1-Sentence-Summary: How I Built This is a compilation of the best tips and lessons that Guy Raz learned from interviewing the founders of the greatest businesses in the world on his podcast of the same name and teaches how to start a company and keep it running strong.
Read in: 4 minutes
Favorite quote from the author:
You love to see heroes rise to victory in their stories. Whether it’s mythology or superhero movies, we’re constantly hearing these tales. It’s inspiring to see the hero think a little differently and utilize their ingenuity to triumph against a life-threatening challenge.
And if you know of any of the stories behind successful businesses you’ll know that it’s the same elements that make these individuals’ experiences so interesting also.
There’s more to it than the need for cash, late nights hustling, and working from all sorts of places. Underneath it all there’s a story that can motivate anyone to fulfill their entrepreneurial dreams.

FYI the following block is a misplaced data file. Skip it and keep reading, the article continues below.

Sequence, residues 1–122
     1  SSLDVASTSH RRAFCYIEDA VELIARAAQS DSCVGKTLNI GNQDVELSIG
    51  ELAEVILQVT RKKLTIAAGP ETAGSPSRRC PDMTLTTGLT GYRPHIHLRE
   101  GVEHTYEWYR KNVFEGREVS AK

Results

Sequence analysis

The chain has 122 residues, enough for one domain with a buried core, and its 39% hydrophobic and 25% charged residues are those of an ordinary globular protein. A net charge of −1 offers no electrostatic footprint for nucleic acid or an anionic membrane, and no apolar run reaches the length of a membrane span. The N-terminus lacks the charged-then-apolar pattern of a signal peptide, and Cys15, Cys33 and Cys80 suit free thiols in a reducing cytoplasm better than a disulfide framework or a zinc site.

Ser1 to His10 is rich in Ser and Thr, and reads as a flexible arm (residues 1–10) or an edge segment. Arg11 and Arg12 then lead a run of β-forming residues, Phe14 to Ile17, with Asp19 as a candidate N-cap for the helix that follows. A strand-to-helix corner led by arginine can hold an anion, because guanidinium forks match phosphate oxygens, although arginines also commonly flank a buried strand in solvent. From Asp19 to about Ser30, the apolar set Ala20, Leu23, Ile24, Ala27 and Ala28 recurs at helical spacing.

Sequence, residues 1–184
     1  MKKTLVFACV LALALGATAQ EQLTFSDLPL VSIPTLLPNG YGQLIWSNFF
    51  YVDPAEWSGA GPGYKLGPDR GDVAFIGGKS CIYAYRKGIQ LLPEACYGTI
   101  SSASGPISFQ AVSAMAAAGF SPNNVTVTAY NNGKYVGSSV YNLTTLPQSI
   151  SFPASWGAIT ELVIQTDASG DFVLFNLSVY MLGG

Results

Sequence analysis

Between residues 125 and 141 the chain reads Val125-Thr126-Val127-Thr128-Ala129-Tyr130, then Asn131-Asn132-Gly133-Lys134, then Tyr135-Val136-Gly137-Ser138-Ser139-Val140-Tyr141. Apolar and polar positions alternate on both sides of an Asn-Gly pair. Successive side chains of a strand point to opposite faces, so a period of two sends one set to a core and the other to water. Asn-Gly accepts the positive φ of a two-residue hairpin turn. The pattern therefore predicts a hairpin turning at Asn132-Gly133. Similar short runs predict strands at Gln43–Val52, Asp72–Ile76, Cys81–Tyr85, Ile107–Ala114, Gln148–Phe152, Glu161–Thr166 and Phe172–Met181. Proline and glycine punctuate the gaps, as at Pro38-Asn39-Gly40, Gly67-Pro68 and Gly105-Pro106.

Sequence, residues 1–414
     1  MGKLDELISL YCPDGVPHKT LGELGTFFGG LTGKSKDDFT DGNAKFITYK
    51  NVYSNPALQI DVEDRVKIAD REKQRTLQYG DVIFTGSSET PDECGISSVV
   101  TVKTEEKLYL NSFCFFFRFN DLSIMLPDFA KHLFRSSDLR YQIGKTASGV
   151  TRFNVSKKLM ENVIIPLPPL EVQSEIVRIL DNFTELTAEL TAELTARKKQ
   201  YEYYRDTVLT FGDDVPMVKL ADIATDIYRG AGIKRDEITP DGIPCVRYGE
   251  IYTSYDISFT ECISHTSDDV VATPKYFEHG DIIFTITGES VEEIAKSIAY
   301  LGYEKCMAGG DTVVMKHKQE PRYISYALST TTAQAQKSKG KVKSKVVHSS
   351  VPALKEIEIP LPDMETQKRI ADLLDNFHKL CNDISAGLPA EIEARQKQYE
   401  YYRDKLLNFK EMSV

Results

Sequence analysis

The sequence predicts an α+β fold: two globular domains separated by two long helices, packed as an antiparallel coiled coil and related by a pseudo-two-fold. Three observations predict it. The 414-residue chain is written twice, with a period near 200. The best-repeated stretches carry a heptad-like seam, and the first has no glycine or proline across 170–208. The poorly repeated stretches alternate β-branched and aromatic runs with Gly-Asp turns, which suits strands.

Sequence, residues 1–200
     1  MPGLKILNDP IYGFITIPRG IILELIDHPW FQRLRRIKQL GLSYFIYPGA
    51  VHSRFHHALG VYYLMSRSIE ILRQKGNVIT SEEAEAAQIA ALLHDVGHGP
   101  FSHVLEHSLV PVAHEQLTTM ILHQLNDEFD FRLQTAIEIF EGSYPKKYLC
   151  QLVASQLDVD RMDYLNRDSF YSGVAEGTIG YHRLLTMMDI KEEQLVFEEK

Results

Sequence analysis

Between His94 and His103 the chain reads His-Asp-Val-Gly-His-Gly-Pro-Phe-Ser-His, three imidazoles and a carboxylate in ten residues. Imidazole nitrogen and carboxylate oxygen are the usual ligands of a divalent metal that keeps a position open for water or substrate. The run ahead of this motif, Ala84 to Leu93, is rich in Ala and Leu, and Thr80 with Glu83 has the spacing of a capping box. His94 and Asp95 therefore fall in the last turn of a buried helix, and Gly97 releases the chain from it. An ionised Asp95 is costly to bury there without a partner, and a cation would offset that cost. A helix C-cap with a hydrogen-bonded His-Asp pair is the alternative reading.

Underneath it all, there’s an idea that’s so wild that it might actually work. And entrepreneurs that are so crazy they might actually succeed.
If this all sounds exciting to you then you’re going to love Guy Raz’s How I Built This: The Unexpected Paths to Success from the World’s Most Inspiring Entrepreneurs. Based on his podcast of the same name, this book is going to show you what it takes to build a company from the ground up.
These are 3 of the best lessons the book teaches:
- Great opportunities will come your way but think about all aspects of the situation before grabbing hold of them.
- If you want to stand out you need to innovate and position your brand creatively.
- Hard times will come, and the only way to make it through is by swallowing your pride.
Let’s jump right into these lessons and see how great companies happen!
Lesson 1: Keep your eye out for great opportunities, but analyze the situation thoroughly before you jump into anything.
Sometimes, in the world of entrepreneurship, it seems like all it takes is hard work to get things off the ground. While you have to put in the effort, it’s not everything. If you don’t have a good idea, it’ll never take off.